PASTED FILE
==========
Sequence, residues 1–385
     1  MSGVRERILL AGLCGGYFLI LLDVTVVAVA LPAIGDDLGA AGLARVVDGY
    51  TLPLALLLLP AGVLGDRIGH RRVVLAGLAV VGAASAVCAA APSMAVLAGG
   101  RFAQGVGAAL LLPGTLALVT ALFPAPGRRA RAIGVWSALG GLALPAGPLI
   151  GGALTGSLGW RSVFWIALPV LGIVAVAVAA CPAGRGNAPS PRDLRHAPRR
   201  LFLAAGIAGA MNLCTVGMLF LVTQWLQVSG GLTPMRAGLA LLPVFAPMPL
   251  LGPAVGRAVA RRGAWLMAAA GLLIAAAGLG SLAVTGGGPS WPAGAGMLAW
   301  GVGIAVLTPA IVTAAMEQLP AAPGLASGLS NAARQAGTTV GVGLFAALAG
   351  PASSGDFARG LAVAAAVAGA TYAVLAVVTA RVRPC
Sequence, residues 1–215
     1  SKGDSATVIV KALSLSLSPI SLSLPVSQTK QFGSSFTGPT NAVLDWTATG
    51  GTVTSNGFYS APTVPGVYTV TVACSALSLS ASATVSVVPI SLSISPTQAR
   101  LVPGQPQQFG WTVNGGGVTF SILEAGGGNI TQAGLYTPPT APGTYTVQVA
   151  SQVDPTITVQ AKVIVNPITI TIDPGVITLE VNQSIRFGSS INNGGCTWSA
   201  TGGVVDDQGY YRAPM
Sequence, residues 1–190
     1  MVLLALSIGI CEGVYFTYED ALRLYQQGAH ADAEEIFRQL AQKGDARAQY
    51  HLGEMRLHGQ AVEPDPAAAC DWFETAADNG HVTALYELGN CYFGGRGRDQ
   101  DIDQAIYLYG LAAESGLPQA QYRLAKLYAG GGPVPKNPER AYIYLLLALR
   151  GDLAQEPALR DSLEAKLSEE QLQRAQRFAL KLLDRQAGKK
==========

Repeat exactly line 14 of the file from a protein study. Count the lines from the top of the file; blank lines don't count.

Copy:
   151  SQVDPTITVQ AKVIVNPITI TIDPGVITLE VNQSIRFGSS INNGGCTWSA